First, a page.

In the hazy world of distressed debt trading, the fall of Sudan’s autocratic ruler of 30 years, Omar al-Bashir, has sparked fresh interest among traders and holders of the country’s long-defaulted debt.
Following weeks of demonstrations kindled by soaring food costs, high unemployment and increasing repression, 75-year-old Bashir was overthrown on Thursday by the military, three decades after himself seizing power in a coup.
The newly ruling military council on Friday promised a transition to an elected civilian government.
Frozen for the best part of four decades, Sudan’s debt is part of a highly opaque market of legacy debts of countries isolated from the rest of the international community, such as pre-Castro Cuban debt or loans issued by North Korea.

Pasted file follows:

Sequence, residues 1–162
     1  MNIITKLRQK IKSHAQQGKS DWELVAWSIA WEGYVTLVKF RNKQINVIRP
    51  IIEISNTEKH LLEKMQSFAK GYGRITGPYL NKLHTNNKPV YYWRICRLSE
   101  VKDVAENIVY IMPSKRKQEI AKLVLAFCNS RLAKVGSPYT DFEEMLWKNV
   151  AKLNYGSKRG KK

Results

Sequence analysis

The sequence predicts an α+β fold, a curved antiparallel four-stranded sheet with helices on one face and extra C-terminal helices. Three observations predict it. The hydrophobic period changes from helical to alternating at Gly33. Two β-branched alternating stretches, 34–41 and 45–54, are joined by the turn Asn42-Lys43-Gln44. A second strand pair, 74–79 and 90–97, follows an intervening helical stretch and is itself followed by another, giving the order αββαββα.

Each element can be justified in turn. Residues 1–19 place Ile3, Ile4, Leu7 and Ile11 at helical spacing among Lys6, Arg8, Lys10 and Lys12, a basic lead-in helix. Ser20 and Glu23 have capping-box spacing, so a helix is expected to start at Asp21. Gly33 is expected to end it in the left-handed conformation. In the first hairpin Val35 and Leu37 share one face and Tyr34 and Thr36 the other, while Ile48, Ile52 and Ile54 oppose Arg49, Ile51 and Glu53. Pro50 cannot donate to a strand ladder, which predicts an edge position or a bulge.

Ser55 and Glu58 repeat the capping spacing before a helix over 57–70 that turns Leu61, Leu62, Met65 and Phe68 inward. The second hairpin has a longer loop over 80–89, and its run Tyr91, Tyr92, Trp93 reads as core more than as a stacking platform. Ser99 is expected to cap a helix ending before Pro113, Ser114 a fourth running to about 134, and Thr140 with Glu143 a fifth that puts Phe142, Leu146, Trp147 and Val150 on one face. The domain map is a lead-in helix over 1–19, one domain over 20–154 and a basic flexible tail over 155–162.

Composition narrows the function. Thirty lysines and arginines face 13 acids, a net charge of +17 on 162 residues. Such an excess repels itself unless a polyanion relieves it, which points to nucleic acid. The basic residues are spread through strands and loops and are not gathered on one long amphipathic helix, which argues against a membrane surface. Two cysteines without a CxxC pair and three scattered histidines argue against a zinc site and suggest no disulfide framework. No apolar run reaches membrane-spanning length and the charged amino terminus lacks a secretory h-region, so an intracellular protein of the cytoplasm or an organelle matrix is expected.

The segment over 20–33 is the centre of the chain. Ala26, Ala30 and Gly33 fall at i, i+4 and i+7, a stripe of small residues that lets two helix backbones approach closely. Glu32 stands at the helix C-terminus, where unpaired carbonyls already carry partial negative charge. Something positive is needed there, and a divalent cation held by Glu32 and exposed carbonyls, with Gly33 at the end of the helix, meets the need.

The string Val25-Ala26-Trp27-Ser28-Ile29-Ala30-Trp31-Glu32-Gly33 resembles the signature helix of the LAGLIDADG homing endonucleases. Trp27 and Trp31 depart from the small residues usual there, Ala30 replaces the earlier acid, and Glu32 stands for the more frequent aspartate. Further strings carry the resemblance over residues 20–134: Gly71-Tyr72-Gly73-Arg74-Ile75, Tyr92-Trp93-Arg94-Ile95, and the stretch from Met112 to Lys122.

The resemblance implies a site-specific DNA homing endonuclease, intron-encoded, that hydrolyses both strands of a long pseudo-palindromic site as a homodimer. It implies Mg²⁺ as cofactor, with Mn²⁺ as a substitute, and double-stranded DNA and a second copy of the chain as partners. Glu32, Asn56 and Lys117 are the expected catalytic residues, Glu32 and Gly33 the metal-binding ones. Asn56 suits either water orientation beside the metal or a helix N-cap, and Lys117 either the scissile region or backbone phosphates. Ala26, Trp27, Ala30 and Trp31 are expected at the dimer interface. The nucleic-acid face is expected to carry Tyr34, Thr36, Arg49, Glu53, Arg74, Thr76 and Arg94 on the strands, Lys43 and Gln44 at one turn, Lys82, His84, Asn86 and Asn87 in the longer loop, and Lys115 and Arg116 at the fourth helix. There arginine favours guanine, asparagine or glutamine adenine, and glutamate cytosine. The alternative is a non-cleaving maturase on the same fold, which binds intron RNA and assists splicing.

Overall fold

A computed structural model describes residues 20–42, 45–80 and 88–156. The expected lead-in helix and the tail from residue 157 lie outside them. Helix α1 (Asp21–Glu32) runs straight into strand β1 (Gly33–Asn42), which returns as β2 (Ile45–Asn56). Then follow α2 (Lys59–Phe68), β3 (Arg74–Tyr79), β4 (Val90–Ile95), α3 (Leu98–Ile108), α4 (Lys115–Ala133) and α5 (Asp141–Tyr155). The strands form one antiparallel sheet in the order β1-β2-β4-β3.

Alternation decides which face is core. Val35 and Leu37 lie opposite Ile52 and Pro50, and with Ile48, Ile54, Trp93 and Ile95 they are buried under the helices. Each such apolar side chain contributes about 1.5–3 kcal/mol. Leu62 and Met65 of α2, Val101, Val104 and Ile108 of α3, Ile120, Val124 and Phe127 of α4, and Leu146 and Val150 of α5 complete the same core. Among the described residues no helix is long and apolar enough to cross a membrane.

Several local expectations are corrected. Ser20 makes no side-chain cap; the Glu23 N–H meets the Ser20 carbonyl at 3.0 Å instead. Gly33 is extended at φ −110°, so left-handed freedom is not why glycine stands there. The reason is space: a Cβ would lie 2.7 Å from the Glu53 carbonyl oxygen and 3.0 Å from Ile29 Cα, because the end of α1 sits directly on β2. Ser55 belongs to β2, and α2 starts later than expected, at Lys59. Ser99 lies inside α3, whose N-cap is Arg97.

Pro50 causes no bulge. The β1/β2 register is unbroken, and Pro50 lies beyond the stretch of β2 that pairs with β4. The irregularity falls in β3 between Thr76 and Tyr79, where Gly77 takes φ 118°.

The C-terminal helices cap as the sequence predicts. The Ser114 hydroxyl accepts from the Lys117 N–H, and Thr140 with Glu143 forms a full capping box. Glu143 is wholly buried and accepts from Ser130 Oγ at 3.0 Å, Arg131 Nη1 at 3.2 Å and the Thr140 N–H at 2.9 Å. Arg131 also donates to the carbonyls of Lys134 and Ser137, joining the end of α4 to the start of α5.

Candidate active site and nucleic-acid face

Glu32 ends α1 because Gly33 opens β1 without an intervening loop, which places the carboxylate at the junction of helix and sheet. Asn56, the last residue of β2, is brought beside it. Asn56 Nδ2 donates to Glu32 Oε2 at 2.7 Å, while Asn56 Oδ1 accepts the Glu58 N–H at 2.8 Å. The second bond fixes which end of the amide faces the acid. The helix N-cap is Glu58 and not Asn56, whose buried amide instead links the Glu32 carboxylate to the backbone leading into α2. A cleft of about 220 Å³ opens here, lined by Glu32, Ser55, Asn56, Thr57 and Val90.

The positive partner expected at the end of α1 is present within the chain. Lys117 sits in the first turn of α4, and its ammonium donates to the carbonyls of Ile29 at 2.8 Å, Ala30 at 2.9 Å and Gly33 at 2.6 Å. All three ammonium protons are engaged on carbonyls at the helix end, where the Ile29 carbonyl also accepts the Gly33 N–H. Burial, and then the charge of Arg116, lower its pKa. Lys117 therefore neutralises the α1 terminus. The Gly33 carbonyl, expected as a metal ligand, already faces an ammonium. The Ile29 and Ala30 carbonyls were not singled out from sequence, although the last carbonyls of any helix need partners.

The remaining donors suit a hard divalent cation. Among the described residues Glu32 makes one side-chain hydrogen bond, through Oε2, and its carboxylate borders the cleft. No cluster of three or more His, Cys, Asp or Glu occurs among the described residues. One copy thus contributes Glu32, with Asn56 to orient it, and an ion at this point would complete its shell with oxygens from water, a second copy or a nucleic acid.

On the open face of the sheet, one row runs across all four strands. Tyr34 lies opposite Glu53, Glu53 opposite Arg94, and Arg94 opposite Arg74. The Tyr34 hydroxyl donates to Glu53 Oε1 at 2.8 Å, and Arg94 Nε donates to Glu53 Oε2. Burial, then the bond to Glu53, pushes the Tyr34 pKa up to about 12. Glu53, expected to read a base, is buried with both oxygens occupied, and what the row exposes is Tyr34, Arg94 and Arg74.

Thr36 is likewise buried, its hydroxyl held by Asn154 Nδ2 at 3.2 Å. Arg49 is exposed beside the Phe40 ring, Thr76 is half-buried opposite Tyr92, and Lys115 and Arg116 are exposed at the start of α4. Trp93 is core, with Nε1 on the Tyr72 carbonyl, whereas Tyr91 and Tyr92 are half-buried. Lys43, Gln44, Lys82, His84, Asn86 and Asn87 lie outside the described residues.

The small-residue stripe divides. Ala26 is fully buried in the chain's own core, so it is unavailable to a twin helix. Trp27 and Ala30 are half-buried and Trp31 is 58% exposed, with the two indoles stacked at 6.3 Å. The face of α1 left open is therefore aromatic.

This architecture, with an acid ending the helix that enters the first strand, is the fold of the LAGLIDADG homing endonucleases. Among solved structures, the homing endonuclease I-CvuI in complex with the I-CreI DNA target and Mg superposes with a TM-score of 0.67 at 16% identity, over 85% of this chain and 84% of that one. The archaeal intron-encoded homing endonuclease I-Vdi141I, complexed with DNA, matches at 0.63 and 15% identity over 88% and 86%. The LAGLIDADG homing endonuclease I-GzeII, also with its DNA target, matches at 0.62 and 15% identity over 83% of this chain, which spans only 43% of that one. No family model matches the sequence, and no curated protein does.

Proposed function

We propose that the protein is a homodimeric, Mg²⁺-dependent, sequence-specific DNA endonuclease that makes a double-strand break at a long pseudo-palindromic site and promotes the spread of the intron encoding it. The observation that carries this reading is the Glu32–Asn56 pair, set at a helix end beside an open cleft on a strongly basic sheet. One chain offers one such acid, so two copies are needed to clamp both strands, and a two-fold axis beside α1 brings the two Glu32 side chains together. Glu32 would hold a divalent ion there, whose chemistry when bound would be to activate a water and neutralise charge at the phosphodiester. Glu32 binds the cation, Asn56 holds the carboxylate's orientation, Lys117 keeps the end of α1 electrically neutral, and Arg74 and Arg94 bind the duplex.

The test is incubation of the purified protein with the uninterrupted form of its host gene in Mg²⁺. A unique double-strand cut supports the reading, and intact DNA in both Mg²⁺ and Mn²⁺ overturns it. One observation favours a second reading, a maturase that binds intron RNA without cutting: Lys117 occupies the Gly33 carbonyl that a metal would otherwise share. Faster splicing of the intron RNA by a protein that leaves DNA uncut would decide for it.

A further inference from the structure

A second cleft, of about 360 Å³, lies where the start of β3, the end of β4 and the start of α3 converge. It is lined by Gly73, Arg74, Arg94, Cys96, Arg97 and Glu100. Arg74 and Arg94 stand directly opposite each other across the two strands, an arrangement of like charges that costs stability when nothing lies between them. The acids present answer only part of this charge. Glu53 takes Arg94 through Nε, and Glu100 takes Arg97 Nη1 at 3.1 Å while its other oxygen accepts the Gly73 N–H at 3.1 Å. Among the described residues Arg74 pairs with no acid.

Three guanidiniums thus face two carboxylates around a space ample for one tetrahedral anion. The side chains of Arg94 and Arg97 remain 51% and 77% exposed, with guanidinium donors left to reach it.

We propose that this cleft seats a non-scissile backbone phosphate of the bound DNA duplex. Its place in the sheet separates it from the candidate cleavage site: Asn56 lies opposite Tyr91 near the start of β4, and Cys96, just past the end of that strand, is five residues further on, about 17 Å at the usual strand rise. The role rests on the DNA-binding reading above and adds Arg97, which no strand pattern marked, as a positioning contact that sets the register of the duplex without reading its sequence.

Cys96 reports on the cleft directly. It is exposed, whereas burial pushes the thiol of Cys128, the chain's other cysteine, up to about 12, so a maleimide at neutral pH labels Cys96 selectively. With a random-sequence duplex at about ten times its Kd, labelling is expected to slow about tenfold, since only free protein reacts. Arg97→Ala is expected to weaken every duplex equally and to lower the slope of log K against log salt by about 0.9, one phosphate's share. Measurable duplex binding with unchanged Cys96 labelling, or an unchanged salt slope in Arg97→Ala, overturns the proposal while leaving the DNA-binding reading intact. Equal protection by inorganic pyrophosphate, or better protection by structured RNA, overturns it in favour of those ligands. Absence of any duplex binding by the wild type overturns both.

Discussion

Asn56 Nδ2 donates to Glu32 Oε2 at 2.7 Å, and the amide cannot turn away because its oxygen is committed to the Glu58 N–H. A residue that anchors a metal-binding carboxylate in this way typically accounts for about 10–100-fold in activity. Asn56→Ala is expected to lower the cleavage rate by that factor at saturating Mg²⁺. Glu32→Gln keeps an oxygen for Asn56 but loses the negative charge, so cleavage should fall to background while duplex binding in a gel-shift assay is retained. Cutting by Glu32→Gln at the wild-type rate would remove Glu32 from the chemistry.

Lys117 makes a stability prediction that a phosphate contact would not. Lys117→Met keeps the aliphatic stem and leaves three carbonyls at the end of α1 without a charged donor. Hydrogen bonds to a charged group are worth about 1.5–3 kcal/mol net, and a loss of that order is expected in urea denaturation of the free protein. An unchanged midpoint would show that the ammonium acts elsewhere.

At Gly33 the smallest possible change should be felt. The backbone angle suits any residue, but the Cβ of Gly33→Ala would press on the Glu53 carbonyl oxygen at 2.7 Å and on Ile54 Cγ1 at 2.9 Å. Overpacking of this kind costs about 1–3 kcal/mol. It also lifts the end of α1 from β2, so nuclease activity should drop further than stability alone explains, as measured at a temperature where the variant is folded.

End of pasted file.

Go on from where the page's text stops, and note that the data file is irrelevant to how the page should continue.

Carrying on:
Apart from defaulting on payments from the early 1980s onwards, Sudan was also subject to U.S. sanctions linked to the conflict in Darfur for nearly two decades until 2017.
“This is a big moment for the country. Now we need to see what happens next, what sort of a government or leader they will get, and how the situation will develop,” said one holder of the defaulted loans, speaking on condition of anonymity.
“There’s a potential for real change, but change isn’t always for the better and it could take a very long time for things to improve…Continue Reading